As in many cases that touch on religion, Supreme Court justices seemed divided today as they considered the case of a fired Missouri-Synod Lutheran elementary teacher classified as a "commissioned minister." But they seemed to agree that there's no easy, uniform principle that would allow church employees to seek redress in the courts without entangling the courts in questions of religious doctrine.
"This is tough and I'm stuck on this," Justice Steven Breyer said. "I don't see how you can avoid going into religion to some degree. You have to decide if this is really a minister, for example, and what kind of minister. That gets you right involved. Or if you're not going to do that, you're going to go look to see what are their religious tenets? And that gets you right involved. I just can't see a way of getting out of the whole thing."
In June 2004, Cheryl Perich fell ill at a church golf outing and was hospitalized. She took a disability leave of absence and was finally diagnosed with narcolepsy in December, halfway through the next school year. She told the school that she wanted to return to work in February, but the school principal said that a long-term substitute had a contract through the end of the year and that she was concerned about the safety of the students. The principal and school board also began making plans for a "peaceful release proposal." Perich declined the offer and showed up for work when her doctor released her and her medical leave ended. She was sent home and told that she'd likely be fired. When she threatened to sue, the church "rescinded her call."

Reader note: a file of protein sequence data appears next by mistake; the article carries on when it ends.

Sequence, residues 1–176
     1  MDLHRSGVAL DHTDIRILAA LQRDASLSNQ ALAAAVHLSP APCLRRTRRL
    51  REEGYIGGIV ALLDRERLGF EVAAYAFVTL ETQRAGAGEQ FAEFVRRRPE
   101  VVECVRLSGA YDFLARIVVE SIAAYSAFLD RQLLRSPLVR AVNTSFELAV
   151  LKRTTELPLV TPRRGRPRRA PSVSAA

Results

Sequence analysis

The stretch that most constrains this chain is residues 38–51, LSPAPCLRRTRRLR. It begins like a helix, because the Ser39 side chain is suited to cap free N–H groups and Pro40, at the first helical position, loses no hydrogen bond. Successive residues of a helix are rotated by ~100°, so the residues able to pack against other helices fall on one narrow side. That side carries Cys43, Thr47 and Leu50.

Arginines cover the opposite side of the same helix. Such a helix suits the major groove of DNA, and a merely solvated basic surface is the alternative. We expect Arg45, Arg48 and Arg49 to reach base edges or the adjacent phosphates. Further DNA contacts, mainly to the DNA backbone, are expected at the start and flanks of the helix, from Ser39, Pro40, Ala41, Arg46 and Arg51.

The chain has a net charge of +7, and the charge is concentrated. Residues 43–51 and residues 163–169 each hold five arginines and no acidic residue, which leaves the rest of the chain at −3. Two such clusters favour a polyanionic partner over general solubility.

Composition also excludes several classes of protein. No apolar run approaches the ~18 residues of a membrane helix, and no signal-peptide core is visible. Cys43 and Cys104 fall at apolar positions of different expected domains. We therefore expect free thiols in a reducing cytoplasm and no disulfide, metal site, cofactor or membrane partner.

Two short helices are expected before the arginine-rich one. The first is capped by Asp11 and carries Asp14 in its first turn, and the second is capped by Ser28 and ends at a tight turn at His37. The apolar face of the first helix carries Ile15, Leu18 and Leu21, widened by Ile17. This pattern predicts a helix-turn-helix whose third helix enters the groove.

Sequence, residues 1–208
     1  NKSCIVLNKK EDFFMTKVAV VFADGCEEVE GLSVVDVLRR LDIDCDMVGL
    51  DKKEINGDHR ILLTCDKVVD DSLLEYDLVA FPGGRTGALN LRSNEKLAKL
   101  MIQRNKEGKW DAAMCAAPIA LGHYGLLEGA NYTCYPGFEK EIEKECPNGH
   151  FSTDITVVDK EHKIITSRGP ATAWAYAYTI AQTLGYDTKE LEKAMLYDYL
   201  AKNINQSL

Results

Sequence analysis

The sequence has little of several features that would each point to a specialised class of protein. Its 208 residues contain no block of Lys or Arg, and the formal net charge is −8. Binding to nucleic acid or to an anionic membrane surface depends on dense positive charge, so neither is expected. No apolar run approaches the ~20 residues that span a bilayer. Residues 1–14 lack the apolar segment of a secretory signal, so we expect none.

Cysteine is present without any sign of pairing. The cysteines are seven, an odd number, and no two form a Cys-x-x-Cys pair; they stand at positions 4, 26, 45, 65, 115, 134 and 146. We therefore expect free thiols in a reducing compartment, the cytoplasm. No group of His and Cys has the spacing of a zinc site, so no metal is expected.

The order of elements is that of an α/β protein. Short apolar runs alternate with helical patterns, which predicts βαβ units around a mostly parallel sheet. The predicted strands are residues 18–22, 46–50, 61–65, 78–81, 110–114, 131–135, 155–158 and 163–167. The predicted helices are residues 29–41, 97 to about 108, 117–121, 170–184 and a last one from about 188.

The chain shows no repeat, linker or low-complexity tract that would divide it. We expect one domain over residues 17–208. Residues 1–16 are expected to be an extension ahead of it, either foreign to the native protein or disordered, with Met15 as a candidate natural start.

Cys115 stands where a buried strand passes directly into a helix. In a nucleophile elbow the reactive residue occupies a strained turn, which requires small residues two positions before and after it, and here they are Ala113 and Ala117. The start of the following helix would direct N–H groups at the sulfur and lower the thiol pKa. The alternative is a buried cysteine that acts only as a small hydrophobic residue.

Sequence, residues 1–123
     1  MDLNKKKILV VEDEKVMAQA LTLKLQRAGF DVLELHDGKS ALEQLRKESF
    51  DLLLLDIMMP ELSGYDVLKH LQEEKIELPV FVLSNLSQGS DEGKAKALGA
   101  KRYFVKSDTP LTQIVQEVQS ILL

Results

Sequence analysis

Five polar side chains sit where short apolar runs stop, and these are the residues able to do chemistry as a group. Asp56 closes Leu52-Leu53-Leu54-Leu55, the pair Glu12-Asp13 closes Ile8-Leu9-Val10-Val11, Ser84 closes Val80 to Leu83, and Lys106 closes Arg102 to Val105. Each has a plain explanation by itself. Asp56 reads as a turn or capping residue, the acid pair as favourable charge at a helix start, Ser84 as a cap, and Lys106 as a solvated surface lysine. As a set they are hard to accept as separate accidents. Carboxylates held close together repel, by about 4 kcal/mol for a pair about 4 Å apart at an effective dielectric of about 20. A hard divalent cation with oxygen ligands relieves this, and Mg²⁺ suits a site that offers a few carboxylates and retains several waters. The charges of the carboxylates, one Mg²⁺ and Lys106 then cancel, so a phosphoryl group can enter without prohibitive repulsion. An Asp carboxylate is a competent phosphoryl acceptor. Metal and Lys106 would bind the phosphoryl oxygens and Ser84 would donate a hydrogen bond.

Douglas Laycock, a University of Virginia law professor who represented the church, argued that Perich violated the church's teachings by threatening to sue, and that the church is clearly covered by the "ministerial exception" to the 1964 Civil Rights Act. While "there will be line-drawing problems" about who counts as a minister, he said, "here I think it's very easy. She's a commissioned minister in the church. She holds ecclesiastical office. She teaches the religion class."
Perich's lawyer, Walter Dellinger, argued that it's not so simple: "She was not a minister and the principal reason is she carries out such important secular functions in addition to her religious duties." (This, along with the fact that the school did not reference church doctrine during the termination process, was the basis for the 6th U.S. Circuit decision reinstating Perich's lawsuit.)
"I'm sorry to interrupt you, but that can't be the test," said Chief Justice John Roberts. "The Pope is a head of state carrying out secular functions, right? Those are important. So he is not a minister?"